Tuesday, September 24, 2019

DEP Reaches $19,410 Penalty Settlement With Luzerne County Soap Manufacturer

On September 24, the Department of Environmental Protection announced Henkel US Operations Corp. has agreed to pay a $19,410 civil penalty for 5 unpermitted discharges into a Luzerne County Creek, reporting violations, and failure to comply with monitoring and sampling requirements. 
The discharges from the company’s West Hazleton soap manufacturing plant resulted in soapy water and suds leaking into the creek two years ago.
“The department expects companies to comply with statutes and permits that protect our waterways from unlawful discharges; however, in this case, the company did not do that,” said Mike Bedrin, director of DEP’s Northeast Regional Office. “Companies have a responsibility to protect the waterways into which they are permitted to discharge.”
In January 2017, DEP responded to a complaint of foam in Black Creek and traced it to the opening of two storm drains on Henkel’s property. In response, Henkel cleaned and inspected two containment sumps and sealed attached piping. 
However, in early 2018, DEP received additional complaints from the public about soap suds covering the top and the banks of Black Creek and blowing into a nearby neighborhood. 
An investigation by staff from DEP and Henkel traced the discharged substance to an area just below the company’s stormwater outfall. 
The investigation subsequently revealed that a pipe used to convey Henkel’s wastewater to the nearby sewage treatment plant was damaged. This allowed the wastewater to seep into the ground near the stormwater line, resulting in the unpermitted discharges.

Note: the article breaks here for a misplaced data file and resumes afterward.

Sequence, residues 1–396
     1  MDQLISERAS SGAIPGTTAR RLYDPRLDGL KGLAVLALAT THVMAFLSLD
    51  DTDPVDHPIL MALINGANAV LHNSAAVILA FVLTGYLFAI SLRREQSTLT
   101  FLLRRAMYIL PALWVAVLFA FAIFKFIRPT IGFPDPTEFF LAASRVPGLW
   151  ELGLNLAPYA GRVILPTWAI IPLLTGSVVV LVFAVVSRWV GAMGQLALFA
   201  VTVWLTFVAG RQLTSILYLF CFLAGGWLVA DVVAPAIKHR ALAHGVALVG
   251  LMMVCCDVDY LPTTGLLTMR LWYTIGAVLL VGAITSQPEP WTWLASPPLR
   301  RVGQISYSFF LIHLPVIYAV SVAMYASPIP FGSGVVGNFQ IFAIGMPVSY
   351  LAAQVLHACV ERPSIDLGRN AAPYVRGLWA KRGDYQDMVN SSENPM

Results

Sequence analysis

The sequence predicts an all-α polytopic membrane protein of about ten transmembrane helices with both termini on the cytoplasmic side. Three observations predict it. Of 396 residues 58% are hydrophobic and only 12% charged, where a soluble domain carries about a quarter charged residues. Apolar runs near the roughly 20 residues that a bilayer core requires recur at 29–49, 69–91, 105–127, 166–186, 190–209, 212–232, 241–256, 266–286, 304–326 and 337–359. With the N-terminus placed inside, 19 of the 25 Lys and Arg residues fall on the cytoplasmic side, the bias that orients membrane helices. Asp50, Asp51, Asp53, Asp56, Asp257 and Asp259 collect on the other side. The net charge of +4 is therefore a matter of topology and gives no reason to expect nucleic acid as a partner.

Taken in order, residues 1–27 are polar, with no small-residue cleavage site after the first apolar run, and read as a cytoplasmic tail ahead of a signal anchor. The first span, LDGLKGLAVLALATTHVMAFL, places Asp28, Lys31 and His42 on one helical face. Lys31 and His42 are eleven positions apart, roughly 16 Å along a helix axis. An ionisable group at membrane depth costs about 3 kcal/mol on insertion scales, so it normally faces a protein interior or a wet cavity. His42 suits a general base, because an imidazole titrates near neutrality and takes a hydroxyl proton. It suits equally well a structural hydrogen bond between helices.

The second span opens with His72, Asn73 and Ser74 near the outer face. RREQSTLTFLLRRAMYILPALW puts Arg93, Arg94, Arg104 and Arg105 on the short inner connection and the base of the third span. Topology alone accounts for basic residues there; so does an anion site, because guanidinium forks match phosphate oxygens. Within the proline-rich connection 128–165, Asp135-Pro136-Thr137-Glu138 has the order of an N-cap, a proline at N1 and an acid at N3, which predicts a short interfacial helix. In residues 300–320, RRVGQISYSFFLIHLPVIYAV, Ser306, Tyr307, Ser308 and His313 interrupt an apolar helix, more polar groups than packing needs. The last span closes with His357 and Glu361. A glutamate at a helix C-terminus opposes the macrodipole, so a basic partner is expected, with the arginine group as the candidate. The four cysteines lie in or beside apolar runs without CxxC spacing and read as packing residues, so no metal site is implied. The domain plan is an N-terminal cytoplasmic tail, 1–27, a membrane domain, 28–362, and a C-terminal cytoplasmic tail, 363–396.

In addition to the unpermitted discharges by Henkel, the company did not notify DEP in writing of the discharges within five days of the event as per a condition of its operating permit. 
It also failed to comply with monitoring and sampling requirements that are part of its National Pollution Discharge Elimination System (NPDES) permit.
DEP determined that Henkel’s unpermitted discharges and failure to comply with reporting, monitoring, and sampling requirements were violations of Henkel’s NPDES permit and the state’s Clean Streams Law.
DEP’s Bureau of Clean Water staff monitored the creek after the incident and did not identify indications of long-term impacts.
In addition to agreeing to pay the civil penalty, Henkel has installed a new wastewater line to replace the damaged line conveying flow to the public sewage treatment facility.
The civil penalty will go into the state’s Clean Water Fund, which provides funding for programs to promote water quality across the commonwealth.
Questions should be directed to Colleen Connolly, DEP Northeast Regional Office, by calling 570-826-2035 or send email to: coconnolly@pa.gov.

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